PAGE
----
He has a heart bar and pad with heel support on the left foot and his right foot since it is clubbed was taken down 2 degrees in the heel and toe brought in some as well as he has a frog support pad on that foot.



  11. #31
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    Quote Originally Posted by Frizzle View Post
    I would be buying some Soft Ride boots ASAP--gold standard for founder.
    Can he wear those over his current shoes?



  12. #32
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    I've read also that soaking in ice water can help. Can that be of help too?



  13. #33
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    I don't remember where Pete Ramey is located - Georgia?

    Anyway, here is his website info which might help you:

    www.hoofrehab.com

    There are some x-rays/photos under the rehab section worth studying.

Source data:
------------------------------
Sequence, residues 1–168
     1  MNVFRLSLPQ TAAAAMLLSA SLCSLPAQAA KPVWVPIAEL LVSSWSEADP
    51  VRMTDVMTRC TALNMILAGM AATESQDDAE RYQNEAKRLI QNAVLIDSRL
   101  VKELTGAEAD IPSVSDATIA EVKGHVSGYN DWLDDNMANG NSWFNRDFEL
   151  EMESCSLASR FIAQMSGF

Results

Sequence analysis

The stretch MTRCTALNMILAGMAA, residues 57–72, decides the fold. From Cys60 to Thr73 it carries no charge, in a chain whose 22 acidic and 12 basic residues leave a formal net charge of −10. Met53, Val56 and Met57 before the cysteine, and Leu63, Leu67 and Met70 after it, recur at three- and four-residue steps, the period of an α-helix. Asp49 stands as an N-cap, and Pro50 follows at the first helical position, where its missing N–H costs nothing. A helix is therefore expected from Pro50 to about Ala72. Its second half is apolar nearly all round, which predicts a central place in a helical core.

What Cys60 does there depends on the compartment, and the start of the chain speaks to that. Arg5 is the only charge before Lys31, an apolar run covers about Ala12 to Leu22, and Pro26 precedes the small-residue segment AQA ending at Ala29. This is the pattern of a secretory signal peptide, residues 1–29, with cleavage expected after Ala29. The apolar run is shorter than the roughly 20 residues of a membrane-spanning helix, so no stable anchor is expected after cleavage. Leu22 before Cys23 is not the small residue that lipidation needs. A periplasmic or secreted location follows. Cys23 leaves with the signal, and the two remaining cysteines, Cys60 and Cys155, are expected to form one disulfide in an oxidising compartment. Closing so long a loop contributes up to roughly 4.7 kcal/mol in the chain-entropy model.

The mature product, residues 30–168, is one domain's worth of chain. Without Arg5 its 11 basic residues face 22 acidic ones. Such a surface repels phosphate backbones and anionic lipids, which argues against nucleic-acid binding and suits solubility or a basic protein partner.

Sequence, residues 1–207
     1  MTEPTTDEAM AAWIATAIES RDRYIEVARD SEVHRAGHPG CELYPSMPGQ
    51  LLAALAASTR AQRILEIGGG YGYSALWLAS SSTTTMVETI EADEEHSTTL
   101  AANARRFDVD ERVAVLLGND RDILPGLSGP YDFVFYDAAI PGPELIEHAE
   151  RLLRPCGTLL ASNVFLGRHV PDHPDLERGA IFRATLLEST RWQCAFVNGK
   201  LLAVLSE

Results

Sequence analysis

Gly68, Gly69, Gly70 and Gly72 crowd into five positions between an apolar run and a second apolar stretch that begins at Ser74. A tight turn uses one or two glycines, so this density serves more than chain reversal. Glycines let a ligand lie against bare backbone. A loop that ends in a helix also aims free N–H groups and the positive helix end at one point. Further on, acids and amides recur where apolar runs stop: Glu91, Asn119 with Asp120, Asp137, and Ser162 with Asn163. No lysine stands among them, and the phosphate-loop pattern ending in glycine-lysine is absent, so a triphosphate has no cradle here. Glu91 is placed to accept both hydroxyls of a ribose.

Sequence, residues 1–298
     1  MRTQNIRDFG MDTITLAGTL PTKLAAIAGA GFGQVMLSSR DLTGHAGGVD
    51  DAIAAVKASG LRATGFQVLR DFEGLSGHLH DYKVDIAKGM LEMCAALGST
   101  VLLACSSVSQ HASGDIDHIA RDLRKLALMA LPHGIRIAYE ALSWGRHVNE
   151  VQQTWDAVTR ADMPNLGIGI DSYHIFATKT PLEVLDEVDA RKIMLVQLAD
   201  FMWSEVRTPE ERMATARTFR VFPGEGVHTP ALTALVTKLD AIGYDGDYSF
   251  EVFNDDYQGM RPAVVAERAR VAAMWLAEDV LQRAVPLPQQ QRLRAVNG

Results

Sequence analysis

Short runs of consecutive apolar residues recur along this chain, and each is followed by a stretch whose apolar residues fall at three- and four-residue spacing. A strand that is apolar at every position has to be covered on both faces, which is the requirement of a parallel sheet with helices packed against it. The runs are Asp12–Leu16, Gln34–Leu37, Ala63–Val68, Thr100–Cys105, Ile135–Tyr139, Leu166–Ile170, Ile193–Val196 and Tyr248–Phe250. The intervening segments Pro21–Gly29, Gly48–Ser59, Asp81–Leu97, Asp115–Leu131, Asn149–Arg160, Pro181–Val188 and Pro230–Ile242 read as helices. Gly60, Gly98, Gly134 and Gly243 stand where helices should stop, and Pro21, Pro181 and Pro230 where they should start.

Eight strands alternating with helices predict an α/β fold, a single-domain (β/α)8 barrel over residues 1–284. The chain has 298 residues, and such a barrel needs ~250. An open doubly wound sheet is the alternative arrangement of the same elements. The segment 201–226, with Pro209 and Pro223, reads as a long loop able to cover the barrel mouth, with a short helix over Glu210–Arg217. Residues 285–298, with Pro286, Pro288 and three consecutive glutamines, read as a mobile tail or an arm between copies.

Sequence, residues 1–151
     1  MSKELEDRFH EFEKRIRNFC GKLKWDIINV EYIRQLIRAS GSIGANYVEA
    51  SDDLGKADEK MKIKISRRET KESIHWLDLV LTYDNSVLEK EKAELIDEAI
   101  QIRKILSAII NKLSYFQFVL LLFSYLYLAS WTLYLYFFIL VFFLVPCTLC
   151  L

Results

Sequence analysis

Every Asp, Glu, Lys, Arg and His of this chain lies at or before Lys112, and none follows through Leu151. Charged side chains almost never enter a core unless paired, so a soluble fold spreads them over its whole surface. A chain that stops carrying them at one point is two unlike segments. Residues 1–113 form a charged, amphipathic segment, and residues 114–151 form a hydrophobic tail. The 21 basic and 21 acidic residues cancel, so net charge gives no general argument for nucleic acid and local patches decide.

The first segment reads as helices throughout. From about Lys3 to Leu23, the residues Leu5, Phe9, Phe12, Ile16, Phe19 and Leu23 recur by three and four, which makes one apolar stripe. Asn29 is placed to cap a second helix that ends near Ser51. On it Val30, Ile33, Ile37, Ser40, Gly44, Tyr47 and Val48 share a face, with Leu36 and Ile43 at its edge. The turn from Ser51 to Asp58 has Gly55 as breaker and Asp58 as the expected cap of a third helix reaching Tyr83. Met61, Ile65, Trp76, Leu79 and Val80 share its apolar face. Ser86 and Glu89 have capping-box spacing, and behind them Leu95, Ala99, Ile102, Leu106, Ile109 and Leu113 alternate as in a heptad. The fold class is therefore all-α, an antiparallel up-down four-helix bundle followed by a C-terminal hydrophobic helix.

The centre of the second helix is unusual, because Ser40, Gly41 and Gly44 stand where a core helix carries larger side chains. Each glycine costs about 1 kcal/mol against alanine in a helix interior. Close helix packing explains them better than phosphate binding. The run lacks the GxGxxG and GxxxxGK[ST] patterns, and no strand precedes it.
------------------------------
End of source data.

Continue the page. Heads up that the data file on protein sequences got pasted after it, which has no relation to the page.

14. #34
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    Quote Originally Posted by grayarabs View Post
    I don't remember where Pete Ramey is located - Georgia?

    Anyway, here is his website info which might help you:

    www.hoofrehab.com

    There are some x-rays/photos under the rehab section worth studying.
    Thanks the site looks very educational. It looks like Pete doesn't travel anymore but hopefully I can get some good referrals on that front too.



  15. #35
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    Quote Originally Posted by Kwalker024 View Post
    That is a great analogy thank you!

    How do you know when the inflammation is gone?
    I'm not sure that anyone, Vet/farrier/horse channeler, can tell when the inflammation is gone, short of an MRI.


    In my case, since my favorite vet is quite familiar with laminitis, I rely upon his expertise.

    Quote Originally Posted by Kwalker024 View Post
    I've read also that soaking in ice water can help. Can that be of help too?
    When the horse is actively laminitic, yes. Afterwards... eh. The cooling of the hoof, causing extra circulation, may be offset by the softening of the sole, and possible sinking of the coffin bone. Trust a well known,experienced-in-founder, reputable vet.
    Matthew Kiwala
    Foothill Farriers
    (530) 870-4390



  16. #36